Question About TCPServer & TCPSocket classes

Discussion in 'Ruby' started by Steve Lewis, Sep 6, 2008.

  1. Steve Lewis

    Steve Lewis Guest

    Hello Rubyists,

    I've been messing around with socket programming in Ruby lately, and I've
    hit a snag with some of my experiments. My first, (successful),
    experiment was to create a basic client/server script wherein the client
    sends a string to the server, and the server responds by simply writing
    the string back to the client...that code is as follows:

    Server:
    #####################################
    require 'socket'

    class PingServer < TCPServer

    def start_server
    loop do
    Thread.start(self.accept) do |s|
    p "Connection accepted from server #{s.inspect}"
    request = s.readline.gsub(/\n$/, '')
    p "Request was #{request}"
    s.write "Your request was as follows: #{request}"
    s.write Time.now if request == 'time'
    s.close
    p "Connection #{s} closed"
    end
    end
    end

    end

    PingServer.new('localhost', 3000).start_server

    ###############################################



    The client code is thus:
    ########################################
    require 'socket'



    def send_message(message)
    TCPSocket.open('localhost', 3000) do |client|
    client.write(message)
    stuff = client.read(100)
    client.close
    p stuff
    get_message
    end
    end

    def get_message
    message = gets
    send_message(message) unless message.gsub(/\n/, '') == 'quit'
    exit
    end


    get_message

    ##################################

    As I said, the above code works as expected, I start the server, then run
    the client program...I can send strings to the server all day long, and
    the server writes them right back to me.

    The problem occurs when I try to send the following instead of a string:

    Marshal.dump(%w(foo bar baz))

    Sending the resulting string over the wire causes the server to hang...it
    doesn't return the string back to the client...I'm at a loss to figure
    out why it seems to have trouble handling the string...

    Ideas would be appreciated!!

    Thanks

    Steve
     
    Steve Lewis, Sep 6, 2008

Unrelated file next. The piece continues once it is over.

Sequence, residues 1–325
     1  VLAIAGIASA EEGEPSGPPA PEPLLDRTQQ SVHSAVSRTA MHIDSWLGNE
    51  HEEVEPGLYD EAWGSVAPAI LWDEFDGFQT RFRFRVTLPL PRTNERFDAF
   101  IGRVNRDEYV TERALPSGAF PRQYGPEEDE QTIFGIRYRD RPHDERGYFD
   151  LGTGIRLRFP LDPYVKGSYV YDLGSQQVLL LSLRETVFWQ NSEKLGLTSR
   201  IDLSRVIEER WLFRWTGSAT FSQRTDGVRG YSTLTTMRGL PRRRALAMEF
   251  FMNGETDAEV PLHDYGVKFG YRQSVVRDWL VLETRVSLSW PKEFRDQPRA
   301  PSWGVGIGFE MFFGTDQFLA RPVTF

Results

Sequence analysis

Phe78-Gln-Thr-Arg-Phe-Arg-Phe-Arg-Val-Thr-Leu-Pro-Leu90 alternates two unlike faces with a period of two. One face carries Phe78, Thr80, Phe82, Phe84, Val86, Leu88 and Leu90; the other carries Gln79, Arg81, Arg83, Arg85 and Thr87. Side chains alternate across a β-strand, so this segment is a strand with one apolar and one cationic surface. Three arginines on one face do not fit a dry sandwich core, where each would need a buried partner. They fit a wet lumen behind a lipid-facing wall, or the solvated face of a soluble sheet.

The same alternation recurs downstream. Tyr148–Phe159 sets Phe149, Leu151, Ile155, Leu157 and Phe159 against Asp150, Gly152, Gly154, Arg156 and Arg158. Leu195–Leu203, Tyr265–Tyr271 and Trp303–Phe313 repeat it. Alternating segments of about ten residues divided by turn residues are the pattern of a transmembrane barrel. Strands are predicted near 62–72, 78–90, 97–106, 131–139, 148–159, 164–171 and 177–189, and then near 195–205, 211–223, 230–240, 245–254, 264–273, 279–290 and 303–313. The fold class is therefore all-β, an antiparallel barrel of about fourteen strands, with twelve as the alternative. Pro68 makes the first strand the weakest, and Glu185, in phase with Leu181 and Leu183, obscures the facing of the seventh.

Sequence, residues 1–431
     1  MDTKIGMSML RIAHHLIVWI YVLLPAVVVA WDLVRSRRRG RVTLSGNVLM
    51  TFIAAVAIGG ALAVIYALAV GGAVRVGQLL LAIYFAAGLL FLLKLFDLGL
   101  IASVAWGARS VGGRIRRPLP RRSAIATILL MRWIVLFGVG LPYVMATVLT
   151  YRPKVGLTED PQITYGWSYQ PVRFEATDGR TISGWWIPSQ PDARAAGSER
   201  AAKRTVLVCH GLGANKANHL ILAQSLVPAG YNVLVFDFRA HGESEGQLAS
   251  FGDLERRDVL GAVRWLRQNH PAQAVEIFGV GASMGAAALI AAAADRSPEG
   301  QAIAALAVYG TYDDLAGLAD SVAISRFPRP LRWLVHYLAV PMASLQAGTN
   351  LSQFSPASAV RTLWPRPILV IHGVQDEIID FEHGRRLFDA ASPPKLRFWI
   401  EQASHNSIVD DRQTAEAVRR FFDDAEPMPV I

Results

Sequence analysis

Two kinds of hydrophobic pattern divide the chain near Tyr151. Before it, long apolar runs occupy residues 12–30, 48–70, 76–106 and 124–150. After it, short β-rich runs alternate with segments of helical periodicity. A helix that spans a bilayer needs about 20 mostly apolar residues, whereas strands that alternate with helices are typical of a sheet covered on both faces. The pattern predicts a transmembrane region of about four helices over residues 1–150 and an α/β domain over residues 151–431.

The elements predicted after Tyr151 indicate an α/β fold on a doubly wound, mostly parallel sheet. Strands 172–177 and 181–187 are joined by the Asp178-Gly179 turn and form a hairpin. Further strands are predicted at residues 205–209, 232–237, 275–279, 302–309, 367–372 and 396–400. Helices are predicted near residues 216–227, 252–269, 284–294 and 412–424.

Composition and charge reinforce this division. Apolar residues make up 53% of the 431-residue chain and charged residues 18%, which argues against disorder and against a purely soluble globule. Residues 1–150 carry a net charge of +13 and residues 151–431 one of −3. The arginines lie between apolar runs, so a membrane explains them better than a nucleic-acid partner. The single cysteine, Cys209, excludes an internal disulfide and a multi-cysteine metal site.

#1
    1. Advertisements

  2. ^^^^^^^^

    This method reads until newline, and binary data (such as Marshal.dump
    output) is not generally delimited that way. Use IO#read or Socket#recv
    instead.

    If you want to read a binary message, you can do one of several things:

    1. pick a delimiter char and escape that wherever it occurs within the
    binary data (yuck)

    2. send a length field before sending the data, so the receiver knows
    how much to wait for

    3. send one message per socket connection

    4. encode the binary data in some non-binary form: e.g. base64, using
    pack("m"), and delimit using blank lines.
     
    Joel VanderWerf, Sep 6, 2008
    #2
    1. Advertisements

  3. Steve, you are mixing #read, #write on one side and #readline on the
    other side. Since Marshal.dump creates binary data your #readline on
    the server won't properly work. You should either use a binary
    protocoll *or* a textual (line based) protocol. Mixing both causes
    problems.

    Just an additional note: if you use Marshal, you can directly read to
    and write from the socket without the intermediate String. This is
    likely more efficient and also you avoid the issue of not knowing how
    long the Marshal sequence is.

    And yet another note: just in case you need a solution with
    communicating processes where all of them are Ruby applications you can
    use DRuby. But I guess at the moment you want to learn about Ruby
    socket programming so this is probably just for keeping in the back of
    your head.

    Kind regards

    robert
     
    Robert Klemme, Sep 6, 2008
    #3
  4. Good point. I forgot that the output of Marshal records how long the
    data is, and therefore #load can read the correct number of bytes
    directly from an io.
    Another possibility, if you are communicating to C code or other languages:

    http://blade.nagaokaut.ac.jp/cgi-bin/scat.rb/ruby/ruby-talk/177704

    It's a lib for both C and ruby that uses length fields to make tcp
    sockets "message oriented" rather than stream oriented.
     
    Joel VanderWerf, Sep 6, 2008
    #4
  5. Steve Lewis

    Steve Lewis Guest

    Robert,

    Thanks for the help! You're correct, my curiosity here is mostly
    academic, but DRuby looks like the practical solution to use when I
    decide I'd like to try something more substantial.
     
    Steve Lewis, Sep 7, 2008
    #5
    1. Advertisements

Ask a Question

Want to reply to this thread or ask your own question?

You'll need to choose a username for the site, which only take a couple of moments (here). After that, you can post your question and our members will help you out.